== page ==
He talked about the illusion that racism is not present if someone is not using the word Nigger, from the courtrooms of our legal system, to the workplace or within society. Somehow we have (as a general society, or a white society really) put that word in context to encapsulate all of the damage of racism and if it is not used, there must be some misunderstanding.
Well, let’s look at this from a PTSD or Post traumatic slave syndrome perspective. People in the war have specific skills and levels of hypervigilance that are developed when in situations that are traumatizing. In addition complex trauma (repeated trauma situations, or multiple trauma situations) add even more layers to the trauma response. There are survival skills developed that support the person in identifying, and responding to trauma… this is a simplified version of psychology around trauma response.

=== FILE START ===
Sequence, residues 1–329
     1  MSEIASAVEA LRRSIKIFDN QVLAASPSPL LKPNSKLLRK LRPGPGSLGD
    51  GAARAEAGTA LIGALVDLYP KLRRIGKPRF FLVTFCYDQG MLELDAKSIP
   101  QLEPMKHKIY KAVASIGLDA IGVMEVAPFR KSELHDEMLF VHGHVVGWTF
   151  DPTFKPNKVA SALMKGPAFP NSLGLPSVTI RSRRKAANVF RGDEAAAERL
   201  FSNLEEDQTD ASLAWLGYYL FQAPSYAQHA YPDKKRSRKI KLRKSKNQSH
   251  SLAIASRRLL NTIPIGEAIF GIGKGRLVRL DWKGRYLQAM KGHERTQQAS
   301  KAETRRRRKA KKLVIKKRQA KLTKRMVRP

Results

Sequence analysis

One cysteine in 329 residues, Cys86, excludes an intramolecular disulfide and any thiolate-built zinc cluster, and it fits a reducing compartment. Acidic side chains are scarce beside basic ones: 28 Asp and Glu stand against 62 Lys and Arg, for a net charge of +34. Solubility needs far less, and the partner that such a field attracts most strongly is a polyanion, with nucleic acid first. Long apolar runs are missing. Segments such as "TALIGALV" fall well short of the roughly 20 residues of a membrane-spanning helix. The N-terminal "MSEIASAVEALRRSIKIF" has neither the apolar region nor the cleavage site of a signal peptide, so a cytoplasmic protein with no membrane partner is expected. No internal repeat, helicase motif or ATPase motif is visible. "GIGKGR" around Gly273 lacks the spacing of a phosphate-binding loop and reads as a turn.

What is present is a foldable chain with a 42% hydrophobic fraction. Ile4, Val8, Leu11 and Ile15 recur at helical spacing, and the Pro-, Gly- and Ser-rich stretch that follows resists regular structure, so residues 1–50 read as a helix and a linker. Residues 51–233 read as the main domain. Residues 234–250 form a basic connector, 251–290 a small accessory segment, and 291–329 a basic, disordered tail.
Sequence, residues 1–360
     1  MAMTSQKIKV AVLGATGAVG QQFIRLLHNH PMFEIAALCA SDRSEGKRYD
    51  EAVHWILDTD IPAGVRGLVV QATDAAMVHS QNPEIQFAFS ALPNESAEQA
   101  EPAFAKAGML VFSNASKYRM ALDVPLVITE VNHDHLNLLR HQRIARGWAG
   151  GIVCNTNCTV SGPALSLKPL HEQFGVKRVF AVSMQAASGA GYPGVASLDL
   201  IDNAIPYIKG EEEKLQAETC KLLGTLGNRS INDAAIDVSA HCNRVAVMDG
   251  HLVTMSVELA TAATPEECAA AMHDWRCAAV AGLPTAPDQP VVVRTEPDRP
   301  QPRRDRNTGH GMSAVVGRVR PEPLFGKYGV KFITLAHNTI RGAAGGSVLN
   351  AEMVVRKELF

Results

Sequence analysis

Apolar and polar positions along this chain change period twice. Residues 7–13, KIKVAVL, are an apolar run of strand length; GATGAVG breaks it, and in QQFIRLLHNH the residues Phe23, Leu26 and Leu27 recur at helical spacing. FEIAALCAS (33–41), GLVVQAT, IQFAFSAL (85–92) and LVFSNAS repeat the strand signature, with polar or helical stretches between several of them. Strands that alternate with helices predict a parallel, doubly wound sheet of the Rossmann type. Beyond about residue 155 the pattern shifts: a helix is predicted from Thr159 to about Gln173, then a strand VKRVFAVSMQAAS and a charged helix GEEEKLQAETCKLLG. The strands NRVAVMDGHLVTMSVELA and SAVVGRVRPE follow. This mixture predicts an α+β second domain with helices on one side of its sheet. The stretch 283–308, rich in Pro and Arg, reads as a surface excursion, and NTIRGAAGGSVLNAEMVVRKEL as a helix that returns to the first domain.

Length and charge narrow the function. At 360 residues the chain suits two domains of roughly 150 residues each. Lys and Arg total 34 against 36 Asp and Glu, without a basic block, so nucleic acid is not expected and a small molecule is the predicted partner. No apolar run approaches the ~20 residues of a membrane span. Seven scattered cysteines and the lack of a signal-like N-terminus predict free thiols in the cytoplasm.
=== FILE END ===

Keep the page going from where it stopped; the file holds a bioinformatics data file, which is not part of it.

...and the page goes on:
What Dr. Joy Degruy (and others) were successfully able to link in data and research, was the correlations between the trauma of racism, and the responses of trauma from people who suffered other forms of trauma (like war). The symptoms play out the same, and not just with the direct trauma of racism, slavery, and the likes… but also with secondary or vicarious trauma.
And that does not even tap into the research done about trauma changing the coding in the brain and how that is genetically passed down to future generations. That research is fascinating and really incredible.